Financial Abuse; Definition and My Story as a Victim

Financial abuse is indeed another form of family abuse. So what does it look like, and what has been my experience as a victim of financial abuse? Read on..

Remember, if you are in an abusive situation, you can contact Lifeline on 13 11 14, you can visit 1800Respect, you can talk to your GP or you can contact Beyond Blue on 1300 22 4636.


When we consider abuse within adult relationships, most people immediately think about a scenario involving a woman who is being physically or emotionally abused by their partner. In truth, there are a great many ways that a person can be abused within a relationship and often, toxic relationships involve several different kinds of abuse. One common, but less understood kind of abuse involves mistreatment in relation to financial matters and this is known as financial abuse. Read on to gain comprehensive understandings about financial abuse and to learn how to protect yourself from falling victim.

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Financial abuse can occur in many ways – but it is basically a lack of control over your own finances, such as being denied access to funds or bank cards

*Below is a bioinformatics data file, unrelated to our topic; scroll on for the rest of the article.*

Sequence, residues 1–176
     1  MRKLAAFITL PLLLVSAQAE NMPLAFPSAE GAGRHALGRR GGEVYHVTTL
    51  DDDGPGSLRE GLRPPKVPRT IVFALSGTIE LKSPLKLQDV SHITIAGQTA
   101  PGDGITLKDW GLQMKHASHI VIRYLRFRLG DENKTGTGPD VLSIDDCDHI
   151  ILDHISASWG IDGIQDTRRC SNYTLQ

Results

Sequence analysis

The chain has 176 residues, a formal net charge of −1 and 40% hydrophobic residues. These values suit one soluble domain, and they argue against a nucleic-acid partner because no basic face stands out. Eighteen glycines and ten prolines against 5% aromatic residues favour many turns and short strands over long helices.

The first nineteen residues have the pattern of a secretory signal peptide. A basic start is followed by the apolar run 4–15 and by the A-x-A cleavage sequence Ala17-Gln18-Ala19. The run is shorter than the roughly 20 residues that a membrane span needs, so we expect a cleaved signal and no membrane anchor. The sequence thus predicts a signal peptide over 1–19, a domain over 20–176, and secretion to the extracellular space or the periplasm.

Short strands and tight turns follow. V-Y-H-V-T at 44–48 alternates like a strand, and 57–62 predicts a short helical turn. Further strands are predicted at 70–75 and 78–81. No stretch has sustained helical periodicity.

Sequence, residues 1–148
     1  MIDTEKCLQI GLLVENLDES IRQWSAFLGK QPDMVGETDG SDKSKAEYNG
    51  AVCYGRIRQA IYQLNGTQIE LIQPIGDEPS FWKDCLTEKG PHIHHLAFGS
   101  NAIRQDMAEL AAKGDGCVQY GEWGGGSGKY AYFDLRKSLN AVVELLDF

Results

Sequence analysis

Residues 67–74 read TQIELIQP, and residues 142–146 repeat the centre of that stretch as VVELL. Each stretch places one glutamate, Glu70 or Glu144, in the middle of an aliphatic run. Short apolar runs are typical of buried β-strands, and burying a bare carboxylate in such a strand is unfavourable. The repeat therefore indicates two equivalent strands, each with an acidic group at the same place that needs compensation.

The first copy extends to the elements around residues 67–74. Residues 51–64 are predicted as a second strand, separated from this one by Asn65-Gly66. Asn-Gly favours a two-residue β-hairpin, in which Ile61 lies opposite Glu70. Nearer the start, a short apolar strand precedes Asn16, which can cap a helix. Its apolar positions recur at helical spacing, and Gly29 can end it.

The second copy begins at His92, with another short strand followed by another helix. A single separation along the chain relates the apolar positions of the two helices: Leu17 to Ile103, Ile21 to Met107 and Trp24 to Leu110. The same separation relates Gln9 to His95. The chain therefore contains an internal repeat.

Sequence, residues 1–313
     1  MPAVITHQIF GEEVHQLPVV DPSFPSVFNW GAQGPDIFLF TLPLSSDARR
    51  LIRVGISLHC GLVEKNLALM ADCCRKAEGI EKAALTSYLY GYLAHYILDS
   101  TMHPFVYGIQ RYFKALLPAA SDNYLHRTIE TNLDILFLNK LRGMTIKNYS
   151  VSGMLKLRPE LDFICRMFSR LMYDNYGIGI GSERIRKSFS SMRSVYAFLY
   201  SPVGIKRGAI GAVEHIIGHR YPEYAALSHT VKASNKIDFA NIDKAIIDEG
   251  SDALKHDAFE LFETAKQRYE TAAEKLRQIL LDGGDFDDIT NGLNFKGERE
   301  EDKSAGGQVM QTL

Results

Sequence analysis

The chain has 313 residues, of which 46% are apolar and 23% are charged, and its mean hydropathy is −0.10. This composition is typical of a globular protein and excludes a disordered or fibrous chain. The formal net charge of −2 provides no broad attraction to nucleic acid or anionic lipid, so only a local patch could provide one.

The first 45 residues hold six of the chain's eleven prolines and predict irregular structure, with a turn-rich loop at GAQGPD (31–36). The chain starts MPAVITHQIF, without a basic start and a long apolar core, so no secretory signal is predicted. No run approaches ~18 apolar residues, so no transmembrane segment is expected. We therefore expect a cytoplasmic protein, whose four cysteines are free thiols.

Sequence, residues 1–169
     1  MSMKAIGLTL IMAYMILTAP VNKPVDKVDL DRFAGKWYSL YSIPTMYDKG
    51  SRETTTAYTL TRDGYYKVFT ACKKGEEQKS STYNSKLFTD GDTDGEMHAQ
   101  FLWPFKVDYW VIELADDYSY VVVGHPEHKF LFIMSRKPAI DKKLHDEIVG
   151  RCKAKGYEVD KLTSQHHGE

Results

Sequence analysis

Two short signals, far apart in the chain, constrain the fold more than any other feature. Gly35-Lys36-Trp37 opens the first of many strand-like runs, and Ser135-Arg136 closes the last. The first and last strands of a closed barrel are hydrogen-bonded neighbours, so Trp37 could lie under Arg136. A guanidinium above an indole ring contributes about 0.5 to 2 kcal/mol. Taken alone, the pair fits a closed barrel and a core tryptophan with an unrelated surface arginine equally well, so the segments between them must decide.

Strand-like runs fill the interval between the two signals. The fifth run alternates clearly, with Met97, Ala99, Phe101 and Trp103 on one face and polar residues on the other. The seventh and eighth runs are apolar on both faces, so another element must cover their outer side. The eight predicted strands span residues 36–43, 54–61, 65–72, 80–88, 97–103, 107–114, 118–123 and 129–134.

What is meant by financial abuse?

Financial abuse is just one form of domestic and family abuse. There are many ways that a person can financially abuse another, but it most often involves withholding money and taking complete control over all household expenditures and refusing to allow a person to be involved in making financial decisions. Financial abuse can happen to anyone and often goes alongside other kinds of abuse. In a family violence situation, financial abuse can be used to make a person feel further isolated and without access to any help or support.

Whilst financial abuse does occur within toxic and controlling relationships, it is also found in situations where one person needs to be dependent on another. Elderly people and those with health issues or depression are at risk of being financially abused if that trusted person takes advantage of the situation for their own benefit.

What are the signs of financial abuse?

As with other kinds of abuse, financial abuse is a repeated pattern of behaviour that has some very clear indicators. Often a person who is experiencing financial abuse might seem withdrawn or appear as if they don’t want to spend time with friends or family. In truth, this is likely just one of several ways that an abuser is seeking to maintain control over another person and the victim might not even realise that they are experiencing a toxic or unhealthy relationship.

The most obvious sign of financial abuse is not having access to money. A person might be given an ‘allowance’ or ‘budget’ that they must stick to or be required to account for every dollar that they spend. Financial abuse might begin with small expectations that become controlling over time and in a lot of cases the victim will either not be allowed to work or will not be able to access the money they earn from working.